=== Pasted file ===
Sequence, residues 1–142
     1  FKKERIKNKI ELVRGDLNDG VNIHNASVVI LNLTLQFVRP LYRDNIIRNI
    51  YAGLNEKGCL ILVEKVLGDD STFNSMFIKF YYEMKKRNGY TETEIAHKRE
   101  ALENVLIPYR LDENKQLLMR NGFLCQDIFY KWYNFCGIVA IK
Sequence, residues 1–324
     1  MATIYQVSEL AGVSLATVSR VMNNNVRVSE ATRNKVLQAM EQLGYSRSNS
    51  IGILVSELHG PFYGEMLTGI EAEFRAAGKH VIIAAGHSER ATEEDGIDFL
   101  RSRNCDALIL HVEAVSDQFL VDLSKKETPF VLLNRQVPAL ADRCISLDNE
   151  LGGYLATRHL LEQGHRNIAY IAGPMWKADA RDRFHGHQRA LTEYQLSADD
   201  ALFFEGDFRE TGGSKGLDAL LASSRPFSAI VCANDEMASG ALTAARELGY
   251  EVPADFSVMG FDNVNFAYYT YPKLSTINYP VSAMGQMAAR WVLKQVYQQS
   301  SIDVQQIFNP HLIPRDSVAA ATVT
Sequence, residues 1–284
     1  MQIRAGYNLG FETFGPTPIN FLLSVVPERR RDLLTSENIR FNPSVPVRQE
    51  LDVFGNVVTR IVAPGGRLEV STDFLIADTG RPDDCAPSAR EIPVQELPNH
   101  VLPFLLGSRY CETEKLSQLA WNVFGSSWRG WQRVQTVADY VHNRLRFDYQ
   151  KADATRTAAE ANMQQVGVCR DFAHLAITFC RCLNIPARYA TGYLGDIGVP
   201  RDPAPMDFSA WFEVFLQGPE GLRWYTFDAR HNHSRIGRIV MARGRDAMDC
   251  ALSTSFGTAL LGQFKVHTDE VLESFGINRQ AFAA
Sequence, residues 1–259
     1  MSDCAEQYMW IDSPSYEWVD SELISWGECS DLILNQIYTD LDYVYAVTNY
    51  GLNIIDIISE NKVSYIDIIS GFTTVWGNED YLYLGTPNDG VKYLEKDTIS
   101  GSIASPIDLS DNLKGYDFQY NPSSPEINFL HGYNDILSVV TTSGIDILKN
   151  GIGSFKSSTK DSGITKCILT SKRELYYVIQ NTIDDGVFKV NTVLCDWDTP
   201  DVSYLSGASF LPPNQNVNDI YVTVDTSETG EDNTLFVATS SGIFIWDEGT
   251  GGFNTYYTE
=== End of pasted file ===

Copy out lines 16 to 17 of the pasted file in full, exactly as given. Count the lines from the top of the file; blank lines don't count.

   101  VLPFLLGSRY CETEKLSQLA WNVFGSSWRG WQRVQTVADY VHNRLRFDYQ
   151  KADATRTAAE ANMQQVGVCR DFAHLAITFC RCLNIPARYA TGYLGDIGVP